• BRIEF DESCRIPTION OF THE DRAWINGS
  • [0009]
    [0009]FIG. 1 is a diagrammatic cross-sectional drawing of a permanent magnet motor and control system;
  • [0010]
    [0010]FIG. 2 is a cross section of a multi-layer interior or buried magnet motor geometry; and
  • [0011]
    [0011]FIG. 3 is a cross section of a multi-layer interior or buried magnet motor with bottom barriers filled with low energy magnetic material and upper barriers filled with high energy magnetic material.
  • DESCRIPTION OF THE PREFERRED EMBODIMENT
  • [0012]
    U.S. Ser. No. 09/952,319, assigned to assignee of this invention, includes a detailed description of multi-layer motor geometry and is hereby incorporated by reference in its entirety.
  • [0013]
    [0013]FIG. 1 is a diagrammatic drawing of a permanent magnet motor 10 having a wound stator 12 and permanent magnet rotor 14. A power supply and inverter 16 commutate and control the speed and torque of the motor 10 in response to feedback including, but not limited to, an encoder, resolver, tachometer, proximity switch and tooth set, and back electro-motive force (emf) detection. The motor may be characterized as a brushless DC motor with square wave or sinewave excitation provided by the power supply and inverter 16.
  • [0014]
    [0014]FIG. 2 is a cross section of a multi-layer or barrier buried magnet rotor geometry. Regions 26 of the magnetic material layers or barriers 24 will be difficult to fully magnetize because of the distance from the rotor 14 surface. The magnetic material layers 24 surface may be magnetized by a magnetizing fixture or the wound stator 12 during a post-magnetization process. The post-magnetization process in one embodiment of the present invention includes positioning a magnetizing fixture around the rotor 14 to magnetize the magnetic material in the rotor 14. Magnetizing fixtures similar to the stator 12 contain windings which are used for the magnetization process. The stator 12 may also be used to magnetize the rotor 14 instead of a magnetizing fixture in alternate embodiments of the present invention. The magnetizing fixture includes enough iron to prevent it from becoming saturated. Windings in the magnetizing fixture are placed such that the magnetic field is guided along a desired magnetization direction.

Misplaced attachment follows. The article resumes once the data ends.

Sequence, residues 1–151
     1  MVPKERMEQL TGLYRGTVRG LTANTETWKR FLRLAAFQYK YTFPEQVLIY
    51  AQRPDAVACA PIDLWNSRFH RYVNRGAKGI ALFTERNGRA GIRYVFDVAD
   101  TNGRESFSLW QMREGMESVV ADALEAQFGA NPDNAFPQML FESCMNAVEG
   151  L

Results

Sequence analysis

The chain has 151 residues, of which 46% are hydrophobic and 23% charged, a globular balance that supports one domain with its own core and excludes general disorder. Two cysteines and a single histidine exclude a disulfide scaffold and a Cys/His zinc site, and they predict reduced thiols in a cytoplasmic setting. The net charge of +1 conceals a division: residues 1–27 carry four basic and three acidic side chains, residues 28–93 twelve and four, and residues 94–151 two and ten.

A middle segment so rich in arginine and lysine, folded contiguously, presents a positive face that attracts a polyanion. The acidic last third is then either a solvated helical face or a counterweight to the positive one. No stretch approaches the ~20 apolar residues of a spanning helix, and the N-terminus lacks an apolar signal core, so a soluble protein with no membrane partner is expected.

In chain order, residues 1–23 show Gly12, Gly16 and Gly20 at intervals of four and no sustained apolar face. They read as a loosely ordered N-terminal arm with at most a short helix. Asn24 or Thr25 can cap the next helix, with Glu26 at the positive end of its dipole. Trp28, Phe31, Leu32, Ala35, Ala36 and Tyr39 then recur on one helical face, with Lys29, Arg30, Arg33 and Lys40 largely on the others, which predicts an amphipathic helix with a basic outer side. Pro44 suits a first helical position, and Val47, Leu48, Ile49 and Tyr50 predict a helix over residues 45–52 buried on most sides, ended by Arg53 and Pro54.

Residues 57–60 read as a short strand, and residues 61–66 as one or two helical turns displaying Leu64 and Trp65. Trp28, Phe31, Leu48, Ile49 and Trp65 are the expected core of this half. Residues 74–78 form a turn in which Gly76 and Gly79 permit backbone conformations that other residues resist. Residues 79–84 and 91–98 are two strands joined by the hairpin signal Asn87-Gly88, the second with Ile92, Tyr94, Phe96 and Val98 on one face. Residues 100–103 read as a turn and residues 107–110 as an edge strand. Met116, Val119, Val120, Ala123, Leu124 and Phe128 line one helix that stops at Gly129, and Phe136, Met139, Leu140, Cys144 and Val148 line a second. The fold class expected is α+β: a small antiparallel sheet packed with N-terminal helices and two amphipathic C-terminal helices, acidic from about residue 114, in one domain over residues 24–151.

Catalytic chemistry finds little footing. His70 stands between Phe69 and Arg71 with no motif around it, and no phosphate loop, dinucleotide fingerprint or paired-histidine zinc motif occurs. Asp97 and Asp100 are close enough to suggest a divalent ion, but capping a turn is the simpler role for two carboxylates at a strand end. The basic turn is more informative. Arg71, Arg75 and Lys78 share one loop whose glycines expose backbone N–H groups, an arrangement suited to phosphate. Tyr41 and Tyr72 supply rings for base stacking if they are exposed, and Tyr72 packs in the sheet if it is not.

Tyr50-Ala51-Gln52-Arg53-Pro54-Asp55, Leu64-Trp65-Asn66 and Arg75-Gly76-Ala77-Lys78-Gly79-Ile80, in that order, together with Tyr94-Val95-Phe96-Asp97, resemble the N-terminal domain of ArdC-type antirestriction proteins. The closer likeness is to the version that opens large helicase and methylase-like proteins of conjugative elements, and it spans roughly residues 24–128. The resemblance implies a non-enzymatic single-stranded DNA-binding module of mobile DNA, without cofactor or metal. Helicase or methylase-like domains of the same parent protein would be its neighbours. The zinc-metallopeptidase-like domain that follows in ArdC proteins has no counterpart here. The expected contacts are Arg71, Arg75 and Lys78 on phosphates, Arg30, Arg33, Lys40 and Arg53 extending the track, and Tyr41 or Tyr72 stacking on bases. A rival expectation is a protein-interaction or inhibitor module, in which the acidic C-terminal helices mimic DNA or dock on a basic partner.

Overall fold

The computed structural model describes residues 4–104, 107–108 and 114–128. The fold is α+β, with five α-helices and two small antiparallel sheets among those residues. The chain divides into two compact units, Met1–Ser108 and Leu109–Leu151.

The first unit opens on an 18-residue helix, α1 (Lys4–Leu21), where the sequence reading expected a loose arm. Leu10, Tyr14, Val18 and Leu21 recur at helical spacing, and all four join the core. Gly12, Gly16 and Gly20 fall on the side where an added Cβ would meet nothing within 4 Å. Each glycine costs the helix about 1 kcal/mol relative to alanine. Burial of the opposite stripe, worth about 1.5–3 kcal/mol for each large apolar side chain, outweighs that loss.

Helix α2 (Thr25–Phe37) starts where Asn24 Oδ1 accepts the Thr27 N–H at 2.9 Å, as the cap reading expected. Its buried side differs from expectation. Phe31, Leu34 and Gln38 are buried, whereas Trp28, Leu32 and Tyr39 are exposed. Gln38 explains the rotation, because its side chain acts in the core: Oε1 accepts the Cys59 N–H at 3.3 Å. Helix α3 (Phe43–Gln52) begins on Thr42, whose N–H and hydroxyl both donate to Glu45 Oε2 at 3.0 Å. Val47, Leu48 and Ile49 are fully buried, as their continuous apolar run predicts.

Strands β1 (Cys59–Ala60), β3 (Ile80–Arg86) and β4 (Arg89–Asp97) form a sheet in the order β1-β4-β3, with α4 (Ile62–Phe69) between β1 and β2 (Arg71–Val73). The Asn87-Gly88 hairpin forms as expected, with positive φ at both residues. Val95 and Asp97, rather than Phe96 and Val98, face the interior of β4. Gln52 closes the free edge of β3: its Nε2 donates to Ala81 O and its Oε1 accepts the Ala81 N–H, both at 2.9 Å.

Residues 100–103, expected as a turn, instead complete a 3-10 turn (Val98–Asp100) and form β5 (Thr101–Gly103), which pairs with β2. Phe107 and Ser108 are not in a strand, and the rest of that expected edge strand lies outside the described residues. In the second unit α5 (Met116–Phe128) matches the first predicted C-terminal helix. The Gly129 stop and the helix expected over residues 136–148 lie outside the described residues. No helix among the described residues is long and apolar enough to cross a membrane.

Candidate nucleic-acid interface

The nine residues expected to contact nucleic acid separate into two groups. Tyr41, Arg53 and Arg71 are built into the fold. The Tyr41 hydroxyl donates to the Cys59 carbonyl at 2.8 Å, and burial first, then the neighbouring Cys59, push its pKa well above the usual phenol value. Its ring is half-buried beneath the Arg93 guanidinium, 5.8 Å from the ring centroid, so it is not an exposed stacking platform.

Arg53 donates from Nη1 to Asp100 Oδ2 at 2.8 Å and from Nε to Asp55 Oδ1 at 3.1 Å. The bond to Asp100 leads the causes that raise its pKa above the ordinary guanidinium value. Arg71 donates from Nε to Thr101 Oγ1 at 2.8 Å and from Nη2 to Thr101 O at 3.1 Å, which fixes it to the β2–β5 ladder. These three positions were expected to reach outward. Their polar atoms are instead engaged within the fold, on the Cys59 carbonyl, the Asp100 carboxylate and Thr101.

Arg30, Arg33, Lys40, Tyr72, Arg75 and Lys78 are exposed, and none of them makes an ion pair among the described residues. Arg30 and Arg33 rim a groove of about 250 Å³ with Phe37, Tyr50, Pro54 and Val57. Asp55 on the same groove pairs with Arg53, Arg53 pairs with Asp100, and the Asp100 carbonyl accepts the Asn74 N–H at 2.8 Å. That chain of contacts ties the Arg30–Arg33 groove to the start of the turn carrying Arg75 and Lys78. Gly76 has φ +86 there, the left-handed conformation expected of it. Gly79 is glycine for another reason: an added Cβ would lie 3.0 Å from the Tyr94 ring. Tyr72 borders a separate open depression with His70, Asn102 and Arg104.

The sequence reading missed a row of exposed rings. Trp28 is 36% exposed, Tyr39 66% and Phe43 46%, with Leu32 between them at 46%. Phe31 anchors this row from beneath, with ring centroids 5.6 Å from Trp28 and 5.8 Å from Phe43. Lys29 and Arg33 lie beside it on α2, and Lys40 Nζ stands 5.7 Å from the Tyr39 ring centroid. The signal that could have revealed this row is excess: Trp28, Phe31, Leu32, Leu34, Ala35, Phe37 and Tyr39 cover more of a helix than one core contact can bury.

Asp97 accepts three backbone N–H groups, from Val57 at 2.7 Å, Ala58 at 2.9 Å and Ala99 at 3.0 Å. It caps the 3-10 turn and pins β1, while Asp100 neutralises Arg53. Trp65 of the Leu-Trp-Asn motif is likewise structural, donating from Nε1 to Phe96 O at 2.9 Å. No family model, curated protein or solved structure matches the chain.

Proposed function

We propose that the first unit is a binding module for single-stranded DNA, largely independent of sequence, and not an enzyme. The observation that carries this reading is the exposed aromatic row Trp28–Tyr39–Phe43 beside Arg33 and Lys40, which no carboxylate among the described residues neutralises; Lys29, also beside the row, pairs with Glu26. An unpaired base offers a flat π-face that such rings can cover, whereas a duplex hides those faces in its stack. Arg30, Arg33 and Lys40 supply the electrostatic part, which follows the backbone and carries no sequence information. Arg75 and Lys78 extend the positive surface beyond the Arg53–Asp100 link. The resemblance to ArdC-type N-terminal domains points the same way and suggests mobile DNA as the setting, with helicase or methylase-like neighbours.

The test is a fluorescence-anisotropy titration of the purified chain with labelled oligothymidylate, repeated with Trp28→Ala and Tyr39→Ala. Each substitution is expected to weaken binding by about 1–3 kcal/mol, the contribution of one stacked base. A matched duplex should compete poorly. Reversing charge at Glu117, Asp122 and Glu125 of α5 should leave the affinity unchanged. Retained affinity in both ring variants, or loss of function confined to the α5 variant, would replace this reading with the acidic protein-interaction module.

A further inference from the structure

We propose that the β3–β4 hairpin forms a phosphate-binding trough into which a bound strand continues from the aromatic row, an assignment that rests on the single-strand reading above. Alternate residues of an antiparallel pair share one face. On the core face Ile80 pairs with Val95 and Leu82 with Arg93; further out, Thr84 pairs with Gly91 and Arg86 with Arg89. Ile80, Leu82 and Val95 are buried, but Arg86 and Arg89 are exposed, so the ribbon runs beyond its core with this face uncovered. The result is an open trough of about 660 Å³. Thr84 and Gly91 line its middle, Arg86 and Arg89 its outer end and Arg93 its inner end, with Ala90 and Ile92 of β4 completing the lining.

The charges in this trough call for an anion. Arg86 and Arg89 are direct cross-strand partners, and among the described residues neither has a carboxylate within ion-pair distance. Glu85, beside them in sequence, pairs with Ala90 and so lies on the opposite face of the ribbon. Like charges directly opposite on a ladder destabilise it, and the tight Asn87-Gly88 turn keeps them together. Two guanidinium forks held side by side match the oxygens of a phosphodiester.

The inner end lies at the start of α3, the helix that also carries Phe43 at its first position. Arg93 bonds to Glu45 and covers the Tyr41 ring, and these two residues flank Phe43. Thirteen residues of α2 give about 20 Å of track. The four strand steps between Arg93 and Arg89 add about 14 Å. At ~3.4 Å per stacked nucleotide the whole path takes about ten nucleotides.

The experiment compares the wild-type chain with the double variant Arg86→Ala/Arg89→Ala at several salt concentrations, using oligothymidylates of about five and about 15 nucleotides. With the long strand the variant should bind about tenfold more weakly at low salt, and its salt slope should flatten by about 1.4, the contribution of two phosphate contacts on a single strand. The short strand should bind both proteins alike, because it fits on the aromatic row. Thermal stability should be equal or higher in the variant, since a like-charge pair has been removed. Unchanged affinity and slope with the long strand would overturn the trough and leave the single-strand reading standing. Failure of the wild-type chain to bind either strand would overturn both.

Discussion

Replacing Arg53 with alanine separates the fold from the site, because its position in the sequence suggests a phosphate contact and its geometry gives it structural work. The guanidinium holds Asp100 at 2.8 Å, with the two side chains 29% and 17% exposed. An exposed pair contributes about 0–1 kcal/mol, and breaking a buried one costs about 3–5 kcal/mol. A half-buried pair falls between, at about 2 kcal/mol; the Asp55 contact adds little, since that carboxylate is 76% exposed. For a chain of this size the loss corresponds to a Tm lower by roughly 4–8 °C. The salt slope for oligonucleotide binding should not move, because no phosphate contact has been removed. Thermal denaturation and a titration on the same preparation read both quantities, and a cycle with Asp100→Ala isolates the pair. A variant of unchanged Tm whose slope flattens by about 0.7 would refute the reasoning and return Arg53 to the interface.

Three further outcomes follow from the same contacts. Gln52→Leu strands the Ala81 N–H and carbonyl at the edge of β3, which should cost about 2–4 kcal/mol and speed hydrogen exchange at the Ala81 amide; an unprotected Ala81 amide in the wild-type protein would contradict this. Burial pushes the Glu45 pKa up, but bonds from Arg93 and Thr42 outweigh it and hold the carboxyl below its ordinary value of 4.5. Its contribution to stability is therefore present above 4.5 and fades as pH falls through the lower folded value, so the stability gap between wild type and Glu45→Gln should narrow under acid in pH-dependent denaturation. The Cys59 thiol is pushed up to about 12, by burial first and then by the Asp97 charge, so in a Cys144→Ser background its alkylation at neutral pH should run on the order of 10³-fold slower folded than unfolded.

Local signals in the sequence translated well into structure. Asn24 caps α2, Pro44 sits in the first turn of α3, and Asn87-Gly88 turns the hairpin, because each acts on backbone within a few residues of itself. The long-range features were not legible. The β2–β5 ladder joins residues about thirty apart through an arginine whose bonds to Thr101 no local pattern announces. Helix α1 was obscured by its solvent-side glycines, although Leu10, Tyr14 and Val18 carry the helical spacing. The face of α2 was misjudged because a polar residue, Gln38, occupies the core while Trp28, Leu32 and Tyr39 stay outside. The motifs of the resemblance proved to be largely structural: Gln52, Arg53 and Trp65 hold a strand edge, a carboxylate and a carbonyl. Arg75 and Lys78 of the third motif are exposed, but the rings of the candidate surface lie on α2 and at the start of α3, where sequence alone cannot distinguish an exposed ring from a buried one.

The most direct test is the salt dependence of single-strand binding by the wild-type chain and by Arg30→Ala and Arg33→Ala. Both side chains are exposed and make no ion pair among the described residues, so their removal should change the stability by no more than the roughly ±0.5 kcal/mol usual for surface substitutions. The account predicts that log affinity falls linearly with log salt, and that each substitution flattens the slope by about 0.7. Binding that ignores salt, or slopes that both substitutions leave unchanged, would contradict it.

• [0015]
    In a preferred embodiment of the present invention, magnetic powder mixed with plastic may be injected into the rotor 14 cavities under high temperature and pressure, allowing the material to bond and form inside the rotor 14 cavity. This process is desirable for large scale production. As mentioned earlier, post-magnetization of high energy magnetic material is currently only practical if the magnetic material is buried near the rotor surface.
  • [0016]
    Magnetic material, depending on its composition, requires varying magnetic field strengths to become fully magnetized. The high energy magnets which are preferred for variable speed motor drive applications due to their higher demagnetization strength require very high magnetic fields to saturate the magnetic material to become fully magnetized. The magnetic field is produced by the flow of current in the stator 12 winding or in a magnetizing fixture. Usually, a very high current burst is needed for a very short period of time to magnetize the rotor 14. If the stator 12 lacks sufficient iron, it may become saturated during this process, preventing the generated magnetic field from penetrating into the rotor 14.
  • [0017]
    As described previously, multi-layer or barrier geometry for an IPM rotor improves the rotor 14 saliency. Accordingly, the rotor 14 geometry of FIG. 2 has the advantage of having relatively high saliency, improving the machine torque density and lowering the magnetic material volume requirements for a specific torque or wattage motor rating. Lower magnetic material volume requirements reduce the motor cost and also alleviate the problems associated with high flux PM machines, such as short circuit and open circuit fault problems, and spin losses (eddy current induced losses) due to the presence of the permanent magnet field.
  • [0018]
    [0018]FIG. 3 is a cross section of a multi-layer or barrier buried magnet motor 10 with bottom barriers filled with low energy magnetic material 40 and upper barriers filled with high energy magnetic material 42. The present invention removes high energy magnetic material from areas of the rotor 14, such as regions 26 in FIG. 2, where it is difficult to magnetize the high energy magnetic material and replaces the high energy magnetic material with a low energy magnetic material. The high energy magnetic material 42 may comprise a material requiring a magnetizing field more than 2000 kA/m to become magnetized. The low energy magnetic material 40 may comprise a material requiring a magnetizing field less than 2000 kA/m. Low coercivity of the low energy magnetic material 40 allows easier magnetization. In the preferred embodiment of the present invention, the high energy magnetic material 42 is NdFeB and the low energy magnetic material 40 is ferrite, but any other high energy or low energy magnetic material is considered within the scope of the present invention.